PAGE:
How to Set Up Your Desk: Basic Principles

How to Set Up DeskNote: The following is Post 2 in the series “How to Set Up Your Desk.”  This series has been developed further and is now available as an ebook. How to Set Up Your Desk includes an expanded introduction (including how this relates to changing the world), content updates throughout, additional resources, and an appendix on how to turn an entire wall in your office into a white board (highly recommended!).





Before getting into the specifics of where to put your desk, how to organize and use your desktop and drawers most effectively, and how to set up the rest of your room/cubicle/work area, it is important to have some basic principles before us.

1. Your desk should be like a cockpit

This is perhaps the guiding principle here. You want your desk to be an effective, efficient “home base” for dealing with stuff and executing work. As such, it needs to be lean and function with ease. You want to be able to move quickly and with minimal drag.

This implies that you should have fingertip access to the things that you use and do most often, and enough surface area to do your work and create (temporary!) groupings as needed on the desktop (which you clear away when done — more on that later).

Clear space is good. Do not aim to occupy every fragment of space. A desk is for working, not storing stuff. So be a minimalist when it comes to what you have on your desk permanently.

This leaves room to spread things out when you are actually working and just plain gives room to breathe, which keeps your thinking from getting all walled up.

2. Everything at your desk falls into just a few categories

I covered the basics of how to understand the stuff at your desk in my second post on productivity tools and in my notes on workspace organization. But I did that mostly in anticipation of this series, so here’s the gist in a bit more detail.

Basically, if you have a context for understanding the types of stuff at your desk, you will be more likely to use it better and design your work area better. I think that this is more effective than just “tips on how to keep your desk clear.” The tips often don’t go to the core of the issue; they are just tips. The real solution is understanding.

There are two main categories of stuff at your desk: permanent stuff and temporary stuff.

Permanent stuff breaks down into four categories: equipment, supplies, decoration, and reference. Temporary stuff breaks down into: input to be processed, action reminders, and support materials.

We’ll cover permanent stuff first.

Examples of equipment would be your computer monitor, keyboard, mouse, telephone, and in-box. As I’ll cover in the post on organizing your desktop, that’s about all the equipment you should have on your desk.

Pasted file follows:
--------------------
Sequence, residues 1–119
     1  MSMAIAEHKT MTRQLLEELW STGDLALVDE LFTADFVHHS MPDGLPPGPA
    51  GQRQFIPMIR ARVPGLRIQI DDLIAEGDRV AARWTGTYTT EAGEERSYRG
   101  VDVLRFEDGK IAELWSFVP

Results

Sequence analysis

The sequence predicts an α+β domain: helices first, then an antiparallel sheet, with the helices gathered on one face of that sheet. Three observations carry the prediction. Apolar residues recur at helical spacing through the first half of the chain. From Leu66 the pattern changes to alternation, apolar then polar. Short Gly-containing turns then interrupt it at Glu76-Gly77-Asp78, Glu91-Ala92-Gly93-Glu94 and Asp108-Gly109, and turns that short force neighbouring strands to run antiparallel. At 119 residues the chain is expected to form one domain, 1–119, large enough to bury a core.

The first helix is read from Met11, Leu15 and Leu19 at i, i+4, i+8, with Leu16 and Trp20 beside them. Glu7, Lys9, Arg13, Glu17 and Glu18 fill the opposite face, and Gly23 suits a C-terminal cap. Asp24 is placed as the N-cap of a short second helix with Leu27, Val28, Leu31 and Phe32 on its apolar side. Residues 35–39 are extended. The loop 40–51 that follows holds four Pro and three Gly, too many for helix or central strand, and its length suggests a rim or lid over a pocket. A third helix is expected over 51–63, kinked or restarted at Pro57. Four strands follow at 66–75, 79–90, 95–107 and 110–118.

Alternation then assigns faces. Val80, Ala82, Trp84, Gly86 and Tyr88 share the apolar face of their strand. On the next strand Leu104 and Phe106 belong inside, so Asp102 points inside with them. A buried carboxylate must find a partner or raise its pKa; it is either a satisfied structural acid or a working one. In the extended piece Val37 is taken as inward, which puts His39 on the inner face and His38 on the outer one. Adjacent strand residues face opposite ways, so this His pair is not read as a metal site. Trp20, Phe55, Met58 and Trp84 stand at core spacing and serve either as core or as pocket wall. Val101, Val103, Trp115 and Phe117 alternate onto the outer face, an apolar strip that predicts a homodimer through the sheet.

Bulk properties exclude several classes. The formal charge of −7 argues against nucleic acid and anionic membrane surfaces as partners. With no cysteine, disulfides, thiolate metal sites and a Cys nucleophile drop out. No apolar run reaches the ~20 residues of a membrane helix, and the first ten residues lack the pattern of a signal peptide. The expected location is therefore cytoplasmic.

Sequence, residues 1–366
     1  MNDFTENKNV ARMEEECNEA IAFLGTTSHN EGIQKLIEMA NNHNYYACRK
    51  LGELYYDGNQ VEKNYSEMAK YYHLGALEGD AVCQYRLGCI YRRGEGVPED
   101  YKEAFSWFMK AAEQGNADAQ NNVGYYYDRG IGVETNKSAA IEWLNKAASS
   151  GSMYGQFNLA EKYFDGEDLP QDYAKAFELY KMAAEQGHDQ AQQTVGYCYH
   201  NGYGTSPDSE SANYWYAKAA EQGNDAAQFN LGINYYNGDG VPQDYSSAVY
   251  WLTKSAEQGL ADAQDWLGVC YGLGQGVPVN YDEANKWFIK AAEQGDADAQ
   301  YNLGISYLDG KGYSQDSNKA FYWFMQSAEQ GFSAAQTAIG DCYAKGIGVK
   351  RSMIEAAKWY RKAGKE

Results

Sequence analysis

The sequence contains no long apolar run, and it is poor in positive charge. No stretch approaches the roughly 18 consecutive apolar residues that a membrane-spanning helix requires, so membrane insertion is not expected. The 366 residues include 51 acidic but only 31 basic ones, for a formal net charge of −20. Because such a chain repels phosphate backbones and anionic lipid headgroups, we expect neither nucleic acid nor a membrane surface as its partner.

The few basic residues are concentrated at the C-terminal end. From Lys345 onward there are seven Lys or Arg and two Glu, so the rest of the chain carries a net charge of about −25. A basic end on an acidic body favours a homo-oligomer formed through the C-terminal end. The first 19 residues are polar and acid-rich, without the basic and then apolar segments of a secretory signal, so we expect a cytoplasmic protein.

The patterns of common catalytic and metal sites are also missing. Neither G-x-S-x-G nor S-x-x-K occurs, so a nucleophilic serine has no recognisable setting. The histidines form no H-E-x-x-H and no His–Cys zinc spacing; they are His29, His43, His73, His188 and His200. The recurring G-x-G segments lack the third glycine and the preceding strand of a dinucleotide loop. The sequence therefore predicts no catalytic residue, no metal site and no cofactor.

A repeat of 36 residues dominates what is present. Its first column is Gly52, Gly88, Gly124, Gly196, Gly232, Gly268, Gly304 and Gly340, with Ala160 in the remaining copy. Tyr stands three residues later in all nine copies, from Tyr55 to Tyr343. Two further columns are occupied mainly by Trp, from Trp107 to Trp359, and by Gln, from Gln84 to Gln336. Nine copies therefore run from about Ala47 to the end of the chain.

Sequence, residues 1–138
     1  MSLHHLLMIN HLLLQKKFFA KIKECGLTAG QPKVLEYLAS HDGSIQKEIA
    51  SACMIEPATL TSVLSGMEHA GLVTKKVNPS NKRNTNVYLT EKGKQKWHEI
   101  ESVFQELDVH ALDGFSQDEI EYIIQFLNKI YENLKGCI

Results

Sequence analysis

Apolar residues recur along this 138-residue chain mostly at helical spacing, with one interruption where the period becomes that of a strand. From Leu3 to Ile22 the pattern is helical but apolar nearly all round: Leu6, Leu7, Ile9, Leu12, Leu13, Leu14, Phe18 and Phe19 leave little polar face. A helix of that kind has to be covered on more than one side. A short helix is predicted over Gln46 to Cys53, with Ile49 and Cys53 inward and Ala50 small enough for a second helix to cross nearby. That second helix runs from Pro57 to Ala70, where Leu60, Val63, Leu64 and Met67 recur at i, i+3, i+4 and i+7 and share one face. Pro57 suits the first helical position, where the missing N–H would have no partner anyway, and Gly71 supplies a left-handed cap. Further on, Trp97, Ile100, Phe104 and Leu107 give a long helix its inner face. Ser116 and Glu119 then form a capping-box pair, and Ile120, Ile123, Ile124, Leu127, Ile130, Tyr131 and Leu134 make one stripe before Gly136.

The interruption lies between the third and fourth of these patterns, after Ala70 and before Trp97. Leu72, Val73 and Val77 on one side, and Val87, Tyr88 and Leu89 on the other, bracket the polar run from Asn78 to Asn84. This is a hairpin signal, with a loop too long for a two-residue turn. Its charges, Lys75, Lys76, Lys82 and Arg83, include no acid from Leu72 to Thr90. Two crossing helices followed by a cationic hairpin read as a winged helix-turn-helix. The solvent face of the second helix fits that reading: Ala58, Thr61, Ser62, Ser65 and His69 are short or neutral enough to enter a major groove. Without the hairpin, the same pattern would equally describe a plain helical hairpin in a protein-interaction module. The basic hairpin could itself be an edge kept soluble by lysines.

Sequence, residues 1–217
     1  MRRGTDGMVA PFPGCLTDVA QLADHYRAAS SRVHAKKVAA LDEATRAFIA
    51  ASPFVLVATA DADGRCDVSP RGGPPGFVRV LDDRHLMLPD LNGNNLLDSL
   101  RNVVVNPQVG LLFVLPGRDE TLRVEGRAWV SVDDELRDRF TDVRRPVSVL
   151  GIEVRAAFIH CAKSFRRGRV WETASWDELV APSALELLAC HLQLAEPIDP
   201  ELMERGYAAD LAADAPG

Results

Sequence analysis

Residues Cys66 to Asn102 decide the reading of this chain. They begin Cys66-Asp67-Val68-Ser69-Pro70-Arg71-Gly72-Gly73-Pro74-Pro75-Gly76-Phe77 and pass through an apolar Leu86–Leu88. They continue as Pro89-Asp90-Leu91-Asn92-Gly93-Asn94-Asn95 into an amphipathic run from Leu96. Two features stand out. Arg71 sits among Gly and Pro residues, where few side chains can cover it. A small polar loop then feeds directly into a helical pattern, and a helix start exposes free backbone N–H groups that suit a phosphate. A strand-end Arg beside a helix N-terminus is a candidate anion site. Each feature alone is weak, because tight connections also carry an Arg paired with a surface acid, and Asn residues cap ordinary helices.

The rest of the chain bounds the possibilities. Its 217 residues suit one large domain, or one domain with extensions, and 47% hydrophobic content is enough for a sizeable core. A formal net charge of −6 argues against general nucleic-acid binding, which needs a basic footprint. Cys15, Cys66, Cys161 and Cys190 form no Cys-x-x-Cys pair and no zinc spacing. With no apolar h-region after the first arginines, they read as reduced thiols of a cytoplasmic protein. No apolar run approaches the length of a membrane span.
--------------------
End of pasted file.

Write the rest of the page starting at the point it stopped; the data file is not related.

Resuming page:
Things like staplers, label makers, and tape dispensers are also equipment, but should be in drawers (which I’ll also discuss). The principle is that you only keep on your desk the equipment that you use every day.

Examples of supplies would be paper pads, pens, pencils, paper clips, rubber bands. Some of this could actually be considered equipment (pens, probably), but the point in regard to supplies is that they are things that need to be replenished.

This means that you keep at your desk only enough to meet your needs, and you store extras in a supply room, closet, overhead bin, or something like that. This again goes back to the principle of making your desk like a cockpit. Keep what you need there, but don’t use it to store a bunch of extra stuff, because that will clutter things up and your desk will no longer be smooth and functional.

I’ll talk about the supply area and how to set it up towards the end of the series. We’ll also cover where to keep your supplies that are kept at your desk (for example: only keep one or two pens on the desk and the rest in drawers) when we talk about the desktop and desk drawers. You can also learn more about this in my post The Tools You Need to Have (and Where to Keep Them).

If you have some things on your desk that don’t seem to be doing anything, but you like to have them around, then they probably are serving as decoration. Decoration is the third category. It’s good to have this, just keep it to a minimum or you desk will end up overly cluttered.

Empty cans of Mountain Dew do not count as decoration.

The last category of permanent stuff is reference. This doesn’t go on your desktop, but in file cabinets and on bookshelves.

Transient Stuff
So we’ve seen the four categories of permanent stuff: equipment, supplies, decoration, and reference. Transient stuff breaks into three categories: input to be processed, action reminders, and project support materials.

Input to be processed goes in your in-box. That is, it goes in a specific spot — the in-box — rather than getting scattered over the desk or whole room.

Action reminders go in your task management software or, if you are paper-based, your planner. Support material goes in files or, if it is too big to fit in a file, on a project shelf or project area away from your desktop. And obviously most of your support material these days will be electronic.